The resurgence of the coronavirus in Europe has reignited fears that governments will have to lock down their economies again in the autumn. Some political leaders, including President Emmanuel Macron of France, have rushed to dismiss this possibility, saying the collateral damage from a new bout of confinement would just be too high.
Europe’s second wave of Covid-19 is certainly different — and, so far, less alarming — than the first. There is plenty that politicians and the general public can do to avoid a return to the most draconian measures of March, April and May. Localized lockdowns have been effective in particular towns or regions that suffer sudden infection spikes.
However, it’s impossible to rule out a new round of generalized isolation. A full shutdown isn’t an optional policy, but a last resort against the epidemic should it spiral out of control again. As we saw in the springtime, tens of thousands of deaths and overwhelmed hospitals are not politically acceptable in most countries. We’ve yet to see what will happen in the colder months, when more people are forced inside and governments try to keep workplaces and schools open.
After a quiet start to the summer, Europe is experiencing a sharp rise in cases. Spain and France have registered more than 3,000 and 4,000 new infections per day respectively, and Germany and Italy are seeing more cases too. The pressure on hospitals remains manageable, but it’s slowly increasing. Public-health officials, who are generally working hard to trace the contacts of those who test positive, face an increasingly difficult job.
There’s no doubt this phase of the virus is unlike the first. Many more people are being tested and the percentage of those who test positive is significantly lower. In Italy it is barely above 1%; in March it was regularly in excess of 20%. There’s a much higher proportion of people with few or no symptoms. This means that the number of counted cases is much closer to the “real” figure than it was a few months ago. Back then, most of the testing was of people with severe symptoms, meaning the scale of contagion was inevitably much larger.
Moreover, governments have designed better tools to keep the situation in check. For a start, they can seek to circumscribe the outbreak actively via contact tracing. They can also rely on more help from the public. While there’s growing evidence of “distancing fatigue,” where people are letting their guard down by not wearing masks and ignoring guidelines on socializing, the severity of the first outbreak is still fresh in everyone’s minds. Finally, doctors have got better at treating Covid-19 patients, even though there’s no definitive cure yet.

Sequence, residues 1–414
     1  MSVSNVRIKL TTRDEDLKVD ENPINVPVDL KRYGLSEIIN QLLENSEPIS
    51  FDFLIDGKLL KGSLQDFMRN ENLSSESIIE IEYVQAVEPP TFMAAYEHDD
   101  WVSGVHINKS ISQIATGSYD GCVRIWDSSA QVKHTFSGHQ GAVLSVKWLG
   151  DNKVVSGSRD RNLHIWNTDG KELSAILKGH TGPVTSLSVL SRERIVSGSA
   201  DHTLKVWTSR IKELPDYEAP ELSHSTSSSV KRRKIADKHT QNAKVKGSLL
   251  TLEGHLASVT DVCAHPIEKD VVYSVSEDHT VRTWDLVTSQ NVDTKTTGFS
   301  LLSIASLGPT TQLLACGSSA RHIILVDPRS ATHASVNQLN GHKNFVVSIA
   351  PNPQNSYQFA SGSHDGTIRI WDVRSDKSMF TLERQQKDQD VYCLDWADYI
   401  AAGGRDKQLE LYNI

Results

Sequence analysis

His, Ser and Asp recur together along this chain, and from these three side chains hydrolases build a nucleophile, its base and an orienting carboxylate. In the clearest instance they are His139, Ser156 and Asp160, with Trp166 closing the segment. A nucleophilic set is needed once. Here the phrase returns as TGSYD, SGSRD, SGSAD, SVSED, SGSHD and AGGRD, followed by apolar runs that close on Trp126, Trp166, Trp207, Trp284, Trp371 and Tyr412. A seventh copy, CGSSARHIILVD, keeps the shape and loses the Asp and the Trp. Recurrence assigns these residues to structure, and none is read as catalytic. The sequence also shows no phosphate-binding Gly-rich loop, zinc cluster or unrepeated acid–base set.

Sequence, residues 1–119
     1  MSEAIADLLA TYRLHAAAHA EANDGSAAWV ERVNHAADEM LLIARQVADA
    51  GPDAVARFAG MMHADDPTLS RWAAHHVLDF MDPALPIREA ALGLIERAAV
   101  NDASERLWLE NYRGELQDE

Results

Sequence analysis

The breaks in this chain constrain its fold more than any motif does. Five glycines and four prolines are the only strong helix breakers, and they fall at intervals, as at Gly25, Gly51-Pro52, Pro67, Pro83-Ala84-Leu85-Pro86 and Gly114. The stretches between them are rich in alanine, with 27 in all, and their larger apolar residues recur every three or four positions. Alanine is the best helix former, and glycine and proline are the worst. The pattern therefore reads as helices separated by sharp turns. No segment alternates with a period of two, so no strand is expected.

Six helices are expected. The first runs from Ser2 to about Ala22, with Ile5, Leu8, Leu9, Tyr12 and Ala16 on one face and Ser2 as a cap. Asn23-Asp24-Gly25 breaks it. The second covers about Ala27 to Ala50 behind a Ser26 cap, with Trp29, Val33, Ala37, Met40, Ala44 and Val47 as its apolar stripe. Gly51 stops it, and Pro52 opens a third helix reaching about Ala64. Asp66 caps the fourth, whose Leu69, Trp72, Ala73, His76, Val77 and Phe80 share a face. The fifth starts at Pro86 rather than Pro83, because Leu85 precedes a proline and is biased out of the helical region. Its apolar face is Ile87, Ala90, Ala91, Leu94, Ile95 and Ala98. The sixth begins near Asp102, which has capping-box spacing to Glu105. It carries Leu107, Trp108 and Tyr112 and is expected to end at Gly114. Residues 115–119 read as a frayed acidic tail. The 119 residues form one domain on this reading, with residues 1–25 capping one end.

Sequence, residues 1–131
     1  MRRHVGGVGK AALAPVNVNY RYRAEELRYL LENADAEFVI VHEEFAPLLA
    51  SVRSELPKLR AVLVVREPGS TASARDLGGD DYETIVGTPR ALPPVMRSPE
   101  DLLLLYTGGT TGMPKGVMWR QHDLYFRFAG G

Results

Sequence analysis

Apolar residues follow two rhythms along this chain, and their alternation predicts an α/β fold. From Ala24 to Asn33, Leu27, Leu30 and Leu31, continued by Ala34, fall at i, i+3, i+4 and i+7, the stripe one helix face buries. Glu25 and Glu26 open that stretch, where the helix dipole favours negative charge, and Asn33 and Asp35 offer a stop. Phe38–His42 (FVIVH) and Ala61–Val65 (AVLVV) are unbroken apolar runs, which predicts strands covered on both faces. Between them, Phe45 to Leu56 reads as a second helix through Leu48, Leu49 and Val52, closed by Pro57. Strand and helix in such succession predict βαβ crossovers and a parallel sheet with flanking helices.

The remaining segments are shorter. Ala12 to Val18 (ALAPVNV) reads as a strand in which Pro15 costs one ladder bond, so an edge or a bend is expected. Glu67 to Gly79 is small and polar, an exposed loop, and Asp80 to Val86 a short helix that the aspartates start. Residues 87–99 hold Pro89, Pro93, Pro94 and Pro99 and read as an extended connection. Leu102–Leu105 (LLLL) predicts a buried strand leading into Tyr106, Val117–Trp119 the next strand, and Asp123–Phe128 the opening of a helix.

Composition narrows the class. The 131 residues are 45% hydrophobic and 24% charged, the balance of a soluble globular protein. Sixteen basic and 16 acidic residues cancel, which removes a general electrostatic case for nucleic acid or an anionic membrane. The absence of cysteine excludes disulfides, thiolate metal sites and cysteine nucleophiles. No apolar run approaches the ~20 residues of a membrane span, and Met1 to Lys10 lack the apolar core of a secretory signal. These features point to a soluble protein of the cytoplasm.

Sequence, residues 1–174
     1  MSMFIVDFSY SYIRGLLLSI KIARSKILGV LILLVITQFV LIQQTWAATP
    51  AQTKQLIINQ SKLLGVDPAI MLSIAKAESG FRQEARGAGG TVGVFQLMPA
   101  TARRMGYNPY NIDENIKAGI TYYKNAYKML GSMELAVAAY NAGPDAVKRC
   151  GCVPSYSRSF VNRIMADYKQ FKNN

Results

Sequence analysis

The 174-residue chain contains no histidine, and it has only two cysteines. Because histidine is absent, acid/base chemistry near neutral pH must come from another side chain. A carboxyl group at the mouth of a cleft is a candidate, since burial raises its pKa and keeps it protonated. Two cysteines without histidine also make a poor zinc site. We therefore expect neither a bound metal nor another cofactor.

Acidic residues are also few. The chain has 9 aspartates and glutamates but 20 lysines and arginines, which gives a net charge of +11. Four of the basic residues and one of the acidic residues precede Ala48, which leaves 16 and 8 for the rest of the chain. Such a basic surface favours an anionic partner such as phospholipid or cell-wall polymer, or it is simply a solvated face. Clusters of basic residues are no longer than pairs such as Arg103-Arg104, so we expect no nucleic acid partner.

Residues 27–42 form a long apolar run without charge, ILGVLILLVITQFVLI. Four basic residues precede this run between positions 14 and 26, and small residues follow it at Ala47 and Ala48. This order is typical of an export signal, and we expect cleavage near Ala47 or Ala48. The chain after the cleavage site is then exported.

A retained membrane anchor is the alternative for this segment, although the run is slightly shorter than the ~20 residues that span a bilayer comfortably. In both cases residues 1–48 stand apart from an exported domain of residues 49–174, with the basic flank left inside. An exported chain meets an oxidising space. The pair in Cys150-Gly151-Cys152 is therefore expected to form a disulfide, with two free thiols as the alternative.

This explains why Macron and others believe they can avoid another full economic lockdown. Of course, there will be sacrifices: It’s unlikely that governments will permit events with large crowds, or the reopening of nightclubs. There are also fears over how students will be allowed back into schools and universities, given the potential for widespread contact and evidence that youngsters can carry a similar load of the virus as their parents. But relying on smart, localized lockdowns, as Macron aspires to do, is indeed the ideal course of action. It would help avoid the calamitous economic and psychological costs of a second generalized lockdown.
However, politicians cannot simply wish away a strategy of confinement. Countries such as Italy, Spain and Britain had to force people to stay home because the pandemic was out of control and their health systems were overwhelmed. There were simply not enough hospital beds and intensive care units to deal with the severe cases. Prioritizing Covid patients also had a dramatic impact on the lives of those who needed treatment for other diseases, such as cancer, who often couldn’t receive adequate help.
It’s also difficult to avoid the financial consequences of a raging pandemic, even if you keep the economy open. As people become scared, they avoid shops, restaurants and hotels. Sweden didn’t introduce a hard lockdown in the spring, but its gross domestic product contracted more in the second quarter than neighboring Nordic states that imposed harsher measures.
Handling the pandemic will require a “hammer and dance” strategy, in which governments have to impose a strict confinement strategy (the “hammer”) and then lift it while keeping the pandemic in check (the “dance”). The hope is that the enforcement of more severe restrictions can be limited to selective closures of affected regions, or certain activities. But it’s foolish to rule out wider interventions; we simply don’t know how the epidemic will evolve. Governments should prepare for the worst, and hope for the best.